## tmagloire1 one year ago Find the x-coordinates where f '(x) = 0 for f(x) = 2x + sin(2x) in the interval [0, 2π]

1. IrishBoy123

2. misty1212

HI!!

3. misty1212

did you find $f'(x)$?

4. tmagloire1

f'(x) =4cos^2(x)

5. misty1212

hmm no

6. misty1212

$f(x) = 2x + \sin(2x)$ right?

7. tmagloire1

Yep

8. misty1212

what is the derivative of $$2x$$?

9. tmagloire1

2

10. misty1212

ok good

11. misty1212

now how about the derivative of $$\sin(2x)$$?

12. tmagloire1

2cos2x

13. misty1212

ok

14. misty1212

so the derivative is not $$4\cos^2(x)$$ is it?

15. misty1212

it is $f'(x)=2+2\cos(2x)$

16. misty1212

final job is to set $2+2\cos(2x)=0$ and solve for $$x$$

17. misty1212

you good from there?

18. tmagloire1

Yes thank you! I was just getting the wrong derivative then my bad!

19. misty1212

$\color\magenta\heartsuit$

20. tmagloire1

actually can someone help me find 2+2cos(2x)=0

21. zepdrix

subtract 2cos(2x)=-2 divide 2 cos(2x)=-1

22. zepdrix

cosine of angle is -1 when the angle isssss...... pi, ya?

23. tmagloire1

Ohh ok thank you!

24. zepdrix

careful though! the angle is (2x). that leads to 2x=pi still need to go further to solve for x.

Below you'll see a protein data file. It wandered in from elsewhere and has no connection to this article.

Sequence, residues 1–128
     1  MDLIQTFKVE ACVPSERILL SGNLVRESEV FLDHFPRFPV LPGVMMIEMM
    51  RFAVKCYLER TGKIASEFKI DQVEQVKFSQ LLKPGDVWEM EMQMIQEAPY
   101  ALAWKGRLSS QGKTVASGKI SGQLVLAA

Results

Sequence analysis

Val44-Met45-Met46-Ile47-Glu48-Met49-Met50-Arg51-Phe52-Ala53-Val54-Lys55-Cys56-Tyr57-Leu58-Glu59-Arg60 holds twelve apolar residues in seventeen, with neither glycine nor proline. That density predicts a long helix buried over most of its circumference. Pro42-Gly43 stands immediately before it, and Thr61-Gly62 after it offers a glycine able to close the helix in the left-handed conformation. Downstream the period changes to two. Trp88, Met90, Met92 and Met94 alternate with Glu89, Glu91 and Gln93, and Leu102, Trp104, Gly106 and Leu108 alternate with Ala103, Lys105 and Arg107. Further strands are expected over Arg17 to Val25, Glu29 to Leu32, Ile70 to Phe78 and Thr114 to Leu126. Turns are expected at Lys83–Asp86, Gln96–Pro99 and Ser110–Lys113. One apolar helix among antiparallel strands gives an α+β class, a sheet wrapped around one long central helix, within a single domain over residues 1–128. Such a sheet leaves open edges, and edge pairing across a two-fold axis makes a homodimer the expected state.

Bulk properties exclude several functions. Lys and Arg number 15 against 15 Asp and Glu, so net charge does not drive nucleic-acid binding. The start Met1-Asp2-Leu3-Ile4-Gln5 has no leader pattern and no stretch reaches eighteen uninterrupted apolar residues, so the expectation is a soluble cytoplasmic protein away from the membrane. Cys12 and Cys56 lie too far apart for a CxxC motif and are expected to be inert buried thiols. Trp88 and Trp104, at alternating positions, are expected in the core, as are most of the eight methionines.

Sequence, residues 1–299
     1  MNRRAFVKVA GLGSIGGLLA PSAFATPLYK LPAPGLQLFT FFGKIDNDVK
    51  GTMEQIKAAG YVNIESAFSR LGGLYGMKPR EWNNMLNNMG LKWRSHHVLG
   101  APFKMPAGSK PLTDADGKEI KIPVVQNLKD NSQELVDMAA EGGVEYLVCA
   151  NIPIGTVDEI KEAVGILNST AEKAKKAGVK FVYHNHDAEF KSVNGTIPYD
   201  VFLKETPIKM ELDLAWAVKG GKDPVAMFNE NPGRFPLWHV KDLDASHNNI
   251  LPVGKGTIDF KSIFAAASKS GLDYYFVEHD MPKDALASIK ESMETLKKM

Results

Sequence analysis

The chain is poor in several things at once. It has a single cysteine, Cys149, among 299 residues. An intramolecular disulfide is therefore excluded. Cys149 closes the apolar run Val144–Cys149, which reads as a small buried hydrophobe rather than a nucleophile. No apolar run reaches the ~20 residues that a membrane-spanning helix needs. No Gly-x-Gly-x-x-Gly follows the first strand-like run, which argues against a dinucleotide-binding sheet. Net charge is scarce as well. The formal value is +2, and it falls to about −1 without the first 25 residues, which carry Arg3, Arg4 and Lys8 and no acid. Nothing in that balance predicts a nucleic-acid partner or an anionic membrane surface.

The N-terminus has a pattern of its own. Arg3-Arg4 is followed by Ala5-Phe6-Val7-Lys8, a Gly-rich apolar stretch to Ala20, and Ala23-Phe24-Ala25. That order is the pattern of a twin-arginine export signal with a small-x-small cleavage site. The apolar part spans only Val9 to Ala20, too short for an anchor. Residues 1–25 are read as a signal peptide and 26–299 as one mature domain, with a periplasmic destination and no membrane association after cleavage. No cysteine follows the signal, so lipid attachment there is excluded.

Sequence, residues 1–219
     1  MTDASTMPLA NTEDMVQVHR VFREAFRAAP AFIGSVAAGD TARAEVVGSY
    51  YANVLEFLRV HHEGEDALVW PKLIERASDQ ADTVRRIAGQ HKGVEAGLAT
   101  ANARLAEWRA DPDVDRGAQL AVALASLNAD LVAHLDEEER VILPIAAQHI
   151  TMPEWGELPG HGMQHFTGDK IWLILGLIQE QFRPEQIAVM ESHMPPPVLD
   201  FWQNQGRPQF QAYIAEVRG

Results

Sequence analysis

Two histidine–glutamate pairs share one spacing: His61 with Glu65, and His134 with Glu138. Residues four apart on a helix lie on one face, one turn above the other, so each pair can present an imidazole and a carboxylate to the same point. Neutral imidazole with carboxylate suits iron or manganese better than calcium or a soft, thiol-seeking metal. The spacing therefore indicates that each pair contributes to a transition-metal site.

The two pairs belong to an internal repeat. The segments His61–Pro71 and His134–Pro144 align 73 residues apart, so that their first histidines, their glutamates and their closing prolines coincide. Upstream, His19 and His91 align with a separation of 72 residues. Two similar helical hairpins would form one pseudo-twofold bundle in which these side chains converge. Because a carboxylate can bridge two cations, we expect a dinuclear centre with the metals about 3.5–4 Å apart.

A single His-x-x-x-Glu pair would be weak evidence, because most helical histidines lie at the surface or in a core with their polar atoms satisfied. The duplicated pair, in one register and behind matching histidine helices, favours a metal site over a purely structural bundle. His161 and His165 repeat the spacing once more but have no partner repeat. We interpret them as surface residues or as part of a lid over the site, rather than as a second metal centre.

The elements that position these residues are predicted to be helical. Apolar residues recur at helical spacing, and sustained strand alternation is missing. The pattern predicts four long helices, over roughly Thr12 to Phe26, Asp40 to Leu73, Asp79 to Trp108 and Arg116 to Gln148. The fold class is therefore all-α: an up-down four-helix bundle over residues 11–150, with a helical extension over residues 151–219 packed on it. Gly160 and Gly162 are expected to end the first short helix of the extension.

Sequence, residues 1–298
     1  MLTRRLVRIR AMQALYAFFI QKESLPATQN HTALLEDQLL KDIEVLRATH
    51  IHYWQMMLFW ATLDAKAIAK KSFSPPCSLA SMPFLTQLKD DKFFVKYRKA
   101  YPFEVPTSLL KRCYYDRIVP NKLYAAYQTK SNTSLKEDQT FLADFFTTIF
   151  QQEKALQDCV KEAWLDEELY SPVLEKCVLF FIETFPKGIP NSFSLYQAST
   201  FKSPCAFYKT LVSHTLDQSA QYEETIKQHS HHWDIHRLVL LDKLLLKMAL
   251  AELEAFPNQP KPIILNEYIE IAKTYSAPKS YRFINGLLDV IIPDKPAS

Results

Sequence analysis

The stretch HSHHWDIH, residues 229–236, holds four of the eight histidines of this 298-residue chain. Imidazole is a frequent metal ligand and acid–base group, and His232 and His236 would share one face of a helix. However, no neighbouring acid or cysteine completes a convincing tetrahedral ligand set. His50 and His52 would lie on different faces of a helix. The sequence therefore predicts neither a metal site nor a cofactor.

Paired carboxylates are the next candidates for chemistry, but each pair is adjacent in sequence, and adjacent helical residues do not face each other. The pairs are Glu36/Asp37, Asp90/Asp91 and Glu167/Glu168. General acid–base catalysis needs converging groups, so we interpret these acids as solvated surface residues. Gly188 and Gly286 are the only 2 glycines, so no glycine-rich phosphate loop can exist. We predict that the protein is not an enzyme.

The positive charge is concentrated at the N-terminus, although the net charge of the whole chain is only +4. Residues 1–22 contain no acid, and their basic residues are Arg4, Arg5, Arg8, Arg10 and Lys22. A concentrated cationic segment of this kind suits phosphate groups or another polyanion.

25. tmagloire1

im still confused though. if it is 2x=pi than how do you get the x coordinates for the original problem @zepdrix

26. zepdrix

divide... by 2 0_o

27. tmagloire1

oh.my.god.im retarded lolol. so x=pi/2

28. tmagloire1

Wow how could i not see that. gr8 moments

29. zepdrix

Oh oh we should be careful though...$\large\rm \cos(2x)=-1\qquad\to\qquad 2x=\pi+2k \pi,\qquad k\in \mathbb Z$

30. zepdrix

It's not just pi, we can also add any multiple of 2pi to that angle, ya? It's like spinning an extra time around the circle and landing in the same location.

31. zepdrix

This will be important because we might get several solutions within this interval.

32. zepdrix

Dividing by 2,$\large\rm x=\frac{\pi}{2}+k \pi$

33. tmagloire1

So pi/2 and 5pi/2

34. zepdrix

we're using integers for k. So k=0 gives us pi/2, looks good! k=1 gives us ... ? k=2 gives us 5pi/2 <- this is larger than 2pi, out of our interval, so we can throw it away :)

35. tmagloire1

k=1 will give us 3pi/2

36. tmagloire1

@zepdrix

37. zepdrix

Good! :) Here is a graph to help you see what is going on. https://www.desmos.com/calculator/xm7sfacgsm

38. zepdrix

I graphed the function 2x+sin(2x) from 0 to 2pi. You can clearly see that at pi/2 and 3pi/2 we have critical points!

39. zepdrix

That's what f'(x)=0 gives us, critical points. locations where the slope of the function is zero. graphically it looks like the top of a hill, or the bottom of a valley.

40. tmagloire1

Ohh okay so critical points is a another way of looking at it! Thank you so much!

41. zepdrix

yay team \c:/